A polyisobutenyl succinic anhydride (PIBSA) having an SA:PIB ratio of 1.33 succinic anhydride (SA) moieties per polyisobutylene (PIB) molecule of about 1320 Mn was prepared by heating a mixture of 100 parts of polyisobutylene with 13 parts of maleic anhydride to a temperature of about 220°C. When the temperature reached 120°C, chlorine addition was begun and 10.5 parts of chlorine at a constant rate was added to the hot mixture for about 5 hours. The reaction was then heat soaked at 220°C for about 1.5 hours and then stripped with nitrogen for about 1 hour. The resulting polyisobutenyl succinic anhydride had as ASTM Saponification Number (SAP) of 103 which calculates to a succinic anhydride (SA) to polyisobutylene (PIB) ratio of 1.33 based upon the starting PIB as follows:
  • [0126]
    The PIBSA product was 90 wt.% active ingredient (a.i.), the remainder being primarily unreacted PIB. The SA:PIB ratio of 1.33 is based upon the total PIB charged to the reactor as starting material, i.e., both the PIB which reacts and the PIB which remains unreacted.
  • Part B
  • [0127]
    The PIBSA of Part A was reacted with the E-caprolactone-TEPA adducts of Example 1 as follows:
  • [0128]
    About 0.08 mole (108.7 g) of the PIBSA of Part A were mixed with 24.5 g (0.05 mole) of the E-caprolactone-TEPA adduct of Example 1 and with enough S150N lubricating oil (solvent neutral oil having a viscosity of about 150 SUS at 100°C) to provide a 50% active ingredient final product. The reaction mixture was slowly heated to 170-180°C and kept at this temperature for two hours while nitrogen sparging. At the end of the second hour, the oil diluted product was filtered and collected. It analyzed for 1.60% N.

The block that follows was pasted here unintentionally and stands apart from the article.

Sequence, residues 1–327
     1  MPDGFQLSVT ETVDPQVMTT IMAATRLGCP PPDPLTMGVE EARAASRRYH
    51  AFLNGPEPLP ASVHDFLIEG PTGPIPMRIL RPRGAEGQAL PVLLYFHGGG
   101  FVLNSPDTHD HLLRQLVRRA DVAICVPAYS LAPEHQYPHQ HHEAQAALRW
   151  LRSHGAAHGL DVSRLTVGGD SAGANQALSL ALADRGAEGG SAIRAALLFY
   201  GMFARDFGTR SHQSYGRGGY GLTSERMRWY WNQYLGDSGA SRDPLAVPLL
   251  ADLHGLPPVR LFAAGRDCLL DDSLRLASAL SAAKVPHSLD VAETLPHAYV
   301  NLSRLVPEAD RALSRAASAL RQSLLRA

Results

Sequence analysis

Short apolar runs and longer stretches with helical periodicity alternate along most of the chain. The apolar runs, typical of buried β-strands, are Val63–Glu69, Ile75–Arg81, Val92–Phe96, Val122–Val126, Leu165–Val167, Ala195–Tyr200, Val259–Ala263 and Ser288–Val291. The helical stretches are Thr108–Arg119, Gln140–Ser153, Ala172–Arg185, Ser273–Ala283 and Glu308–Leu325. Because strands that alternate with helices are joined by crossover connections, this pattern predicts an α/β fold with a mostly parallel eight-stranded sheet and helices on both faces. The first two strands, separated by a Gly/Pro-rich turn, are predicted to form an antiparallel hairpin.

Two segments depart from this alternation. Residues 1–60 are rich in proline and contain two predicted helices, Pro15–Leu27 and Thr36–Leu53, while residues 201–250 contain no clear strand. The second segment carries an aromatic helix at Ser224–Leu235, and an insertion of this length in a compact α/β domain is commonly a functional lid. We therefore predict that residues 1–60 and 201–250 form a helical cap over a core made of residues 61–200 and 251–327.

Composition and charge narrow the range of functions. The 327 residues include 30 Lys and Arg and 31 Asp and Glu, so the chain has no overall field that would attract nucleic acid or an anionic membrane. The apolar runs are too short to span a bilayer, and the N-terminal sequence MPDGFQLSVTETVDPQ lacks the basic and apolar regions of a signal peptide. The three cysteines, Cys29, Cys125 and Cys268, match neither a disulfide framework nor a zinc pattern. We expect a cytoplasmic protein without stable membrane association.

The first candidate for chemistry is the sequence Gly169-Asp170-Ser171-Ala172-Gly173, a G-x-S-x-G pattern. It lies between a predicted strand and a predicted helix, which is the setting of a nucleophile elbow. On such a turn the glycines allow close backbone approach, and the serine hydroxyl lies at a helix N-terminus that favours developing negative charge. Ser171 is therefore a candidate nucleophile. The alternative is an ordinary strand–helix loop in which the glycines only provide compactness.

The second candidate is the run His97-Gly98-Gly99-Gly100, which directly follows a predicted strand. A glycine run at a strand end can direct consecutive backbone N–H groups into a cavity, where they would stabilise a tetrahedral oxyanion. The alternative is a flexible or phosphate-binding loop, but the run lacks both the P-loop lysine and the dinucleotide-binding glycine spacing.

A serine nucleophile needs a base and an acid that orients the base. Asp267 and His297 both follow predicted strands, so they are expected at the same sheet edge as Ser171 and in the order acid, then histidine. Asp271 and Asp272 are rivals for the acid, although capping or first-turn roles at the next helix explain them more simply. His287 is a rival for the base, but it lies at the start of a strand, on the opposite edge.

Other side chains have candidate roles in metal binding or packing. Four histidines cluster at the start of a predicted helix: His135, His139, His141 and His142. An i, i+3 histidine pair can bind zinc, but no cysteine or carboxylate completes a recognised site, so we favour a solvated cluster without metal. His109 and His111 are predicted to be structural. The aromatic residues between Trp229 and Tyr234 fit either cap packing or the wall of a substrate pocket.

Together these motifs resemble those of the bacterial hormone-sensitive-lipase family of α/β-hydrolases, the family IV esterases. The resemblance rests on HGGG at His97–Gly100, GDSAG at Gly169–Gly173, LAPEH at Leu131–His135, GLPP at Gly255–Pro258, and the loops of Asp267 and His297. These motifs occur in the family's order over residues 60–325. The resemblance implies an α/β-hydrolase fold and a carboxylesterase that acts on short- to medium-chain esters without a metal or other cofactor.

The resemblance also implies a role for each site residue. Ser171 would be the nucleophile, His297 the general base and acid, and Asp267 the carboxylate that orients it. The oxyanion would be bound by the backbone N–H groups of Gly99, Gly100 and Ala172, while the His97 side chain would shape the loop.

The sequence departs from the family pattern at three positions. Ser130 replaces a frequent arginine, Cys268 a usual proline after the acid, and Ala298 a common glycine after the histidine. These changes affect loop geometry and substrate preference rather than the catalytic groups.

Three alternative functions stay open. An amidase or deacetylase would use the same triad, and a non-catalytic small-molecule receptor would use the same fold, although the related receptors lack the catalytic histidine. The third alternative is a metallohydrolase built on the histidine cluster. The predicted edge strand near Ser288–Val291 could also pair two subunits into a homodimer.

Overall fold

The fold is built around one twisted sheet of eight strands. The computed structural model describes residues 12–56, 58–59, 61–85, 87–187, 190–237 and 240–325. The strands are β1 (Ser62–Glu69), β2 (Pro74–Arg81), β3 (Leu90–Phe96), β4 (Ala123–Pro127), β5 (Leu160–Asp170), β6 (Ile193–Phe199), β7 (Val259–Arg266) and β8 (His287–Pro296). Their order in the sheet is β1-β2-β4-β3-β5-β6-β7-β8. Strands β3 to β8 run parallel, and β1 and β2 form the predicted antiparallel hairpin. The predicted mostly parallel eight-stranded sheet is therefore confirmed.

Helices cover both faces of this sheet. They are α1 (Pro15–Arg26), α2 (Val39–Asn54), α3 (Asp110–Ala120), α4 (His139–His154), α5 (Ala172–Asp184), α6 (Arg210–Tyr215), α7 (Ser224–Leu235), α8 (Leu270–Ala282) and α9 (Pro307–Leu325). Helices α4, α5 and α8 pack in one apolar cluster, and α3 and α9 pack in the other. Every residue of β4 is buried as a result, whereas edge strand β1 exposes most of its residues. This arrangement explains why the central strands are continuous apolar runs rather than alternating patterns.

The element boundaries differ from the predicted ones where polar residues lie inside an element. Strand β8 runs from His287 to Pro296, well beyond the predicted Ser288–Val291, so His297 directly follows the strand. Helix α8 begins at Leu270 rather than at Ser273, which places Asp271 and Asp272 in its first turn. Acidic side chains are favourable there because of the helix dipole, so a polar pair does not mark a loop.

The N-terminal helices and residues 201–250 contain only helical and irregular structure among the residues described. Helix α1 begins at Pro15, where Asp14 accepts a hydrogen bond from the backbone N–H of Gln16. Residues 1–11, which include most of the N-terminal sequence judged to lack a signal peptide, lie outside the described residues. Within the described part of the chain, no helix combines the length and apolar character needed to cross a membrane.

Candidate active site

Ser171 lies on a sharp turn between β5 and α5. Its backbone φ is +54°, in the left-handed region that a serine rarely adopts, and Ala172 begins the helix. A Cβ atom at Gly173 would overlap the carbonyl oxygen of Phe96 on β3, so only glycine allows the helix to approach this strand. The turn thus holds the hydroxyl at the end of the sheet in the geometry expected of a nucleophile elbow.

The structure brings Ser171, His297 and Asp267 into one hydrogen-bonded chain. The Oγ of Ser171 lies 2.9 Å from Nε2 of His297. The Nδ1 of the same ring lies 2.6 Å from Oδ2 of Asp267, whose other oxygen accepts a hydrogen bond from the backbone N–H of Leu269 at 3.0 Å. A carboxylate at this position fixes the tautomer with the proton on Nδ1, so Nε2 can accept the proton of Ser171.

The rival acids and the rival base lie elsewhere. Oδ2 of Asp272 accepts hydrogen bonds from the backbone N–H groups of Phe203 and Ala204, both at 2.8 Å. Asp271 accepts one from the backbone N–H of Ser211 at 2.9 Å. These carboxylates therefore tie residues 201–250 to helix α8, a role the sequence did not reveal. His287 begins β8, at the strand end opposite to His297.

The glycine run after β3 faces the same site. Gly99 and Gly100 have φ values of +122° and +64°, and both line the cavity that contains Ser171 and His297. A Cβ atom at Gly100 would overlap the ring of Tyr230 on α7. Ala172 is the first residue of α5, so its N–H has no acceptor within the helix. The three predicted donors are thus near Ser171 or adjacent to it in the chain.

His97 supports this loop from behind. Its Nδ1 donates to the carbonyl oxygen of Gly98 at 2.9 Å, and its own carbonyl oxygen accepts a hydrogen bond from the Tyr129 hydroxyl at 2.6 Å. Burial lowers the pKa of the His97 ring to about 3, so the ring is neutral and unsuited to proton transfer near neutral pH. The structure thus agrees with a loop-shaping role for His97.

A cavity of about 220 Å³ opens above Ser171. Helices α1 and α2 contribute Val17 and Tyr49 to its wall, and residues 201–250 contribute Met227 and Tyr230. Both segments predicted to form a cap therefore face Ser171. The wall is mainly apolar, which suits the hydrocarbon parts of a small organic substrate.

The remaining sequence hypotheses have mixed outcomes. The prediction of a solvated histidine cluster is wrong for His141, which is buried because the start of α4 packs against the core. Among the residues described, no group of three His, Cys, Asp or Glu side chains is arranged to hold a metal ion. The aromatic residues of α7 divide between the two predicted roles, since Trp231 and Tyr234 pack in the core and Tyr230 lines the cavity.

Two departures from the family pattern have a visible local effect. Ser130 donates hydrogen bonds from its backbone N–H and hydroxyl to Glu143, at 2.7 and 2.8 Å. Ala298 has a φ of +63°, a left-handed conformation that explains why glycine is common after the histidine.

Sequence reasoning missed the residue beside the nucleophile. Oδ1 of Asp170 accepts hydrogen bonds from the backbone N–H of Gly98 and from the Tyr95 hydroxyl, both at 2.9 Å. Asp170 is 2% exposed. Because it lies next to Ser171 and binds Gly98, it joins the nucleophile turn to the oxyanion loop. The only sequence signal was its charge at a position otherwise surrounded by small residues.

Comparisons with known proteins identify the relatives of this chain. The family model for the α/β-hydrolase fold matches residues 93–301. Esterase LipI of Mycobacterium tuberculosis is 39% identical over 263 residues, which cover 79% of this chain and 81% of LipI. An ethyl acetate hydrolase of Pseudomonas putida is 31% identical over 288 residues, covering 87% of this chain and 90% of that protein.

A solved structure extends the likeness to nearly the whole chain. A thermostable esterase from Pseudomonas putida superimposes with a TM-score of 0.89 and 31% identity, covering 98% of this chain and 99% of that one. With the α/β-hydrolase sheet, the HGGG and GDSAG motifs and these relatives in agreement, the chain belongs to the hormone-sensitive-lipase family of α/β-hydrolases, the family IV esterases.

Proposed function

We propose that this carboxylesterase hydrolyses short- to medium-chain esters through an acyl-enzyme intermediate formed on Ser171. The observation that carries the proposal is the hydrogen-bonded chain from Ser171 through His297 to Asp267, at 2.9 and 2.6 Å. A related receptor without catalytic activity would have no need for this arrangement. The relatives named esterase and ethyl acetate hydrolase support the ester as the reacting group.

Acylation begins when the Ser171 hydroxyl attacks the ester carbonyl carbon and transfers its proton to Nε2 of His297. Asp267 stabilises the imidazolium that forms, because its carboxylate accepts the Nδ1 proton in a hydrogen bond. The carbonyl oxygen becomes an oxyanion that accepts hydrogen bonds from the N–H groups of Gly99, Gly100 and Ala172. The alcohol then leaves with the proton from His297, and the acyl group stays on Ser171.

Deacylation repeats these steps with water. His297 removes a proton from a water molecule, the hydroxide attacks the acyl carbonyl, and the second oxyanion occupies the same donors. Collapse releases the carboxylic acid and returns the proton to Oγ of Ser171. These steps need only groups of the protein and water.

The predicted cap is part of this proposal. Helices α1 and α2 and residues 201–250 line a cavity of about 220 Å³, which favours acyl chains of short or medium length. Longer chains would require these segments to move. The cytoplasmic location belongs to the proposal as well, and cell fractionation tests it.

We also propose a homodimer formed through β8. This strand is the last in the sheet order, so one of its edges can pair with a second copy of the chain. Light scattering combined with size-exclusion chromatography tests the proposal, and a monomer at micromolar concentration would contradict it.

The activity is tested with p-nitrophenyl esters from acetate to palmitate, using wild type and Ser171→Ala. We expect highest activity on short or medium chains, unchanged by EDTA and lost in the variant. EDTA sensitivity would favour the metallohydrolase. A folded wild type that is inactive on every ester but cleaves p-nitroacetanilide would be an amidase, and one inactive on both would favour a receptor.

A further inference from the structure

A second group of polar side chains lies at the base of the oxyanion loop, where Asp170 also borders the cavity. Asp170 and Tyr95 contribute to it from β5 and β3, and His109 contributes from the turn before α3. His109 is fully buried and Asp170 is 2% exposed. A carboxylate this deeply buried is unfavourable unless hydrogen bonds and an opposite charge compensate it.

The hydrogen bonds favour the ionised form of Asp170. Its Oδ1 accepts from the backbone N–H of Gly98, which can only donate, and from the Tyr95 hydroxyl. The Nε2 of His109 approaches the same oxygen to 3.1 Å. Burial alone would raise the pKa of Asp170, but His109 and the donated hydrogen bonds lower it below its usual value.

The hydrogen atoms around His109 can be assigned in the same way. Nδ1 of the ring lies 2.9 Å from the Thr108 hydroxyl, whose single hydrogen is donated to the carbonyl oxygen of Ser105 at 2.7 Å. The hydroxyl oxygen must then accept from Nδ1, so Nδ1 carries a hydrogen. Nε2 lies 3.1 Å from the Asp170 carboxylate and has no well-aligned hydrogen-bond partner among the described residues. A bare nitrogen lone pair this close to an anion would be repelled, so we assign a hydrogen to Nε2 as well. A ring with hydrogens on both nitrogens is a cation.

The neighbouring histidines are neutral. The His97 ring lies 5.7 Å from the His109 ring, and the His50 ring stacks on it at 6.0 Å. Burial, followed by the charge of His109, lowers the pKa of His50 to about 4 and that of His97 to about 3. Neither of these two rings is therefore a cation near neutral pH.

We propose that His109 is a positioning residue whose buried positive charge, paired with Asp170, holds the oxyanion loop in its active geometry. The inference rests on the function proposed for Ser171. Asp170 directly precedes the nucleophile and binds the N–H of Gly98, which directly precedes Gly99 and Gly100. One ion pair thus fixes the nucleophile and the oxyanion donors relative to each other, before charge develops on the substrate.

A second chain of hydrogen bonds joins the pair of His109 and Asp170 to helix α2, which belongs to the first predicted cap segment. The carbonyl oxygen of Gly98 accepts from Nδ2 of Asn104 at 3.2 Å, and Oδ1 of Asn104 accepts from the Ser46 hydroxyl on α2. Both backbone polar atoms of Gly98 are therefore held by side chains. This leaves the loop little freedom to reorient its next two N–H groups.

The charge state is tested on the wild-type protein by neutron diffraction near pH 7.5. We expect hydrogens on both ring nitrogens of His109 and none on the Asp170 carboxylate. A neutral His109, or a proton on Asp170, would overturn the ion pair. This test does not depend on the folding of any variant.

• Example 3
  • [0129]
    The procedure of Example 2 was followed, except that 100 g (0.092 mole) of the PIBSA were reacted with 21 g (0.046 mole) of the caprolactone-­TEPA adduct in the presence of mineral oil S150N to produce a 50% active ingredient oil solution. The resulting product analyzed for 1.30% nitrogen.
  • Example 4 - Preparation of E-Caprolactone PAM Adduct
  • [0130]
    The procedure of Example 1 was followed, except that about 139 g (1.0 mole) of polyamine bottoms (PAM) were substituted for the 189 g (1.0 mole) of TEPA.
  • Examples 5 - Preparation of Poly­isobutenyl Succinic Anhydride/E-Caprolactone-Pam Adduct Dispersant
  • [0131]
    To the reaction mixture formed in Example 4, there were added 1.5 mole (1630.5 g) of the PIBSA prepared in accordance with Example 2, Part A and sufficient S150N mineral oil to produce a 50% active ingredient oil solution. The reaction mixture was then heated to 170°C for four hours while stirring under nitrogen sparging. The resulting product analyzed for 1.57% N.
  • Example 6
  • [0132]
    The procedure of Example 5 was followed, except that 2.0 mole of the PIBSA were reacted with 1.0 mole of the caprolactone-PAM adduct. The product, which was diluted in S150N mineral oil to produce a 50% active ingredient solution, analyzed for 1.27% N.
  • [0133]
    Samples of a PIBSA-PAM dispersant (control) and the various PIBSA/caprolactone-polyamine adduct products of Examples 2,3,5 and 6 were then subjected to a standard sludge inhibition bench test (SIB) and a standard varnish inhibition bench test (VIB).
  • [0134]
    The SIB and VIB tests forecast the performance of a lubricant in a gasoline engine. These tests are described below. The SIB test employs a used crankcase mineral lubricating oil composition having an original viscosity of about 325 SUS at 37.8°C that have been used in a taxicab that was driven generally for short trips only, thereby causing a buildup of a high concentration of sludge precursors. The oil used contains only a refined base mineral oil, a viscosity index improver, a pour point depressant and zinc dialkyl-dithiophosphate antiwear additives. The oil contains no sludge dispersants. Such oil is acquired by draining and refilling taxicab crankcases at about 1000-2000 mile intervals.
  • [0135]